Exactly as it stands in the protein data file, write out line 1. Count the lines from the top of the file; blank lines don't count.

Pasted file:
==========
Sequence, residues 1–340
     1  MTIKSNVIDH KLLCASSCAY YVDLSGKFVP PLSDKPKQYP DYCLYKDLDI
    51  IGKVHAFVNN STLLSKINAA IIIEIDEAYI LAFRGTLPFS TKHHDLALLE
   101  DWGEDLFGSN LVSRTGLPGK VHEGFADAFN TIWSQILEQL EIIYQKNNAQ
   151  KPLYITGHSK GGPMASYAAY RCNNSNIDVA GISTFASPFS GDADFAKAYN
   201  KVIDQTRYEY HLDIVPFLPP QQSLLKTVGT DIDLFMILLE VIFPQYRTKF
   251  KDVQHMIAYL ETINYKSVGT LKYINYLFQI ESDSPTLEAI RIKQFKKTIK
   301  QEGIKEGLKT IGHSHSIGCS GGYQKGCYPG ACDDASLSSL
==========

Sequence, residues 1–340